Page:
Forgot your password?

Comment: Re:Never carry lots of Cash (Score 2) 462

by FuegoFuerte (#47885171) Attached to: CBC Warns Canadians of "US Law Enforcement Money Extortion Program"

Ever hear of saying no? "Sir, if you want my cash, you will have to arrest me and charge me with a crime."
"Sir, I will be happy to comply when you have a search and seizure warrant signed by the court. You may contact me at [phone number] once you have it. Until then, if I'm not under arrest, I'll be leaving."

Seriously, stop orzing. Yes, he'll be pissed... but what's he going to do, pull you out of your car? Shoot you? Maybe, but unlikely. Keep your door locked, and be firm but polite. Oh, and if you end up in court get an attorney to fight it, there's no justice for those without legal representation. None whatsoever.

Comment: Re:They still need to orchestrate a show and tell (Score 1) 419

by FuegoFuerte (#47874147) Attached to: Microsoft Defies Court Order, Will Not Give Emails To US Government

You're aware that all the services of Office365 started out as box products, and are still available that way, right? Microsoft doesn't provide the server, but they readily provide the software. It's just expensive and a PITA to maintain, which is why people outsource to Microsoft where several hundred people work full-time to keep those services running as reliably as possible.

There's no reasonable way you could provide all the services of Office365 on a single local server for any company of reasonably large size, and even if you had a few servers you'd completely lose the local and geo redundancy features. The ability to have an entire datacenter go offline and only suffer a brief blip in services is something that very few companies have the money or the knowledge to implement themselves.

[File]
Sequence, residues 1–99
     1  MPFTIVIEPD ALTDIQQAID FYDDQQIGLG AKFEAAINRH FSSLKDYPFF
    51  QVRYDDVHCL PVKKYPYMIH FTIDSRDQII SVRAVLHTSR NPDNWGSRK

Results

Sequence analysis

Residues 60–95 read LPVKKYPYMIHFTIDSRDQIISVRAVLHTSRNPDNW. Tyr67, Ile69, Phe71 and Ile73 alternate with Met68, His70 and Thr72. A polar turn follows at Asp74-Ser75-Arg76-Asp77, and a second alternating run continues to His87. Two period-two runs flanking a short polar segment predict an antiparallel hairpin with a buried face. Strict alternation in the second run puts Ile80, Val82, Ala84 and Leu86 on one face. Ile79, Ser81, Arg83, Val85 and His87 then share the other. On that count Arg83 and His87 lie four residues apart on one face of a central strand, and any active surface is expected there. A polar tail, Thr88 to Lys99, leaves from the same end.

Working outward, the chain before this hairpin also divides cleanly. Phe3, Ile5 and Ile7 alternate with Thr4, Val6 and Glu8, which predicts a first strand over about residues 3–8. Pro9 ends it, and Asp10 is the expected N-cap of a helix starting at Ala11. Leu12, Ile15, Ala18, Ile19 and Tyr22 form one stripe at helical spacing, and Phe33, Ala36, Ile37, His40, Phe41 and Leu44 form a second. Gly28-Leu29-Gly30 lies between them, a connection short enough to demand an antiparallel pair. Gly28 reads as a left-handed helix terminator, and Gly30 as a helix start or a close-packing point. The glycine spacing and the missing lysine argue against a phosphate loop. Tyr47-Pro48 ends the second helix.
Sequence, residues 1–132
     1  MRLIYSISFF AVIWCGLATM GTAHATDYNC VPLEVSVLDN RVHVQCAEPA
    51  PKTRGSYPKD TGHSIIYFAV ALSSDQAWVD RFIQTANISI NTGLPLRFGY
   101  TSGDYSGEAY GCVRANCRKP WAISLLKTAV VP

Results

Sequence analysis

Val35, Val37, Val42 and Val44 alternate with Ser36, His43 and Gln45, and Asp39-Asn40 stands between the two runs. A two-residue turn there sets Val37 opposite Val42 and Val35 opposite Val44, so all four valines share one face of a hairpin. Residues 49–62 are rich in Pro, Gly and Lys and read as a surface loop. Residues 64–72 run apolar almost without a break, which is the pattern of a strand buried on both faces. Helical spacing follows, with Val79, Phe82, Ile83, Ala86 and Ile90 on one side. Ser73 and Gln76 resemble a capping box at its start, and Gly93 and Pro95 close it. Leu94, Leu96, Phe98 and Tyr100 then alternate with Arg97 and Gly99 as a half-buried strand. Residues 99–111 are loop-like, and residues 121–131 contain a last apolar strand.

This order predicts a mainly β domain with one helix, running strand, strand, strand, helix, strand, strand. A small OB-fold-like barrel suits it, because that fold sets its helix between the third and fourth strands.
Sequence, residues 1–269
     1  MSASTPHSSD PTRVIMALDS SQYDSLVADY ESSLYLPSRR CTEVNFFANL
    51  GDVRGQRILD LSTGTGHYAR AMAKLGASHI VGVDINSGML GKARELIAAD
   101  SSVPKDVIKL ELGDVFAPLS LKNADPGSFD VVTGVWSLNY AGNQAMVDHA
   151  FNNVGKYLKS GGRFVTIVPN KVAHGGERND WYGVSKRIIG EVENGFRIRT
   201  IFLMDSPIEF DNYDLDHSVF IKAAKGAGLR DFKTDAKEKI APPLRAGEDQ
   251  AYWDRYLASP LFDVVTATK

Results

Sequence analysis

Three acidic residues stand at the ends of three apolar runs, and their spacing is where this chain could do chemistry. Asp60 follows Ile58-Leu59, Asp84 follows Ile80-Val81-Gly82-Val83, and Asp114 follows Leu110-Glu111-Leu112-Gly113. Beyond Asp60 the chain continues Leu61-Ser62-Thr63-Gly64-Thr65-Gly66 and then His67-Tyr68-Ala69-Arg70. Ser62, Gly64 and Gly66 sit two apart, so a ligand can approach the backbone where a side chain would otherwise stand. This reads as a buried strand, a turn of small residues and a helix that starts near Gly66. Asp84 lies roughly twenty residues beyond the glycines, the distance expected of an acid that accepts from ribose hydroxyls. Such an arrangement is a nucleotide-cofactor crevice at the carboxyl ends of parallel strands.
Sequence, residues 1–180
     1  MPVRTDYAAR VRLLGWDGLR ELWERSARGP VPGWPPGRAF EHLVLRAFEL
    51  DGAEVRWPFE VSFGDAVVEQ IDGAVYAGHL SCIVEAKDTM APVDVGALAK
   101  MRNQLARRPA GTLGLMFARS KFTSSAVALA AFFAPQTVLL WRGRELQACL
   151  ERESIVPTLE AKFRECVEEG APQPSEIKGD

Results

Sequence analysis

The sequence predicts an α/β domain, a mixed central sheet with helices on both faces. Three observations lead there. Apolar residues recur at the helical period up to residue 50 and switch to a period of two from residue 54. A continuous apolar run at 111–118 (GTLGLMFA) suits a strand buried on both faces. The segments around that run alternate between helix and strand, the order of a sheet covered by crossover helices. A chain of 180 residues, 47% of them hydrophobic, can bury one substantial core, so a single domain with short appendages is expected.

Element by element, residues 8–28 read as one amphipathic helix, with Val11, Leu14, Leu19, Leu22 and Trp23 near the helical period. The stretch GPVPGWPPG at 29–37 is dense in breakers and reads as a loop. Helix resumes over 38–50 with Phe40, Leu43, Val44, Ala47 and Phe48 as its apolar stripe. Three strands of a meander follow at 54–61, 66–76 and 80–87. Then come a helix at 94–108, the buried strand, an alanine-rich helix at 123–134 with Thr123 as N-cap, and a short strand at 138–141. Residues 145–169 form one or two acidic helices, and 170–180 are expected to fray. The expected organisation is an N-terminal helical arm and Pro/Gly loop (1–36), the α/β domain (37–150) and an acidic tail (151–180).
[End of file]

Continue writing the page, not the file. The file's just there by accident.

+ - The Ottawa Linux Symposium needs your help! Two weeks left!->

Submitted by farrellj
farrellj (563) writes "The Ottawa Linux Symposium (OLS) has been a fixture on the Linux community for the better part of two decades, and at the helm Andrew Hutton has been doing wonderful work in putting together the event year after year. But he needs help, as costs have slowly crept up, and bushwhacked him financially.

Here is what Jon maddog Hall says"
"The economy, along with what we will call an “unfortunate sponsor situation”, has forced a financial burden on the main producer of the event. In a last ditch attempt to keep the event alive, he has turned to an Indiegogo “crowd-sourcing” project to help raise awareness to the situation and to raise funds for the next event. He has created a page with “perks”, which include discounts to future OLS symposia, assuming they happen.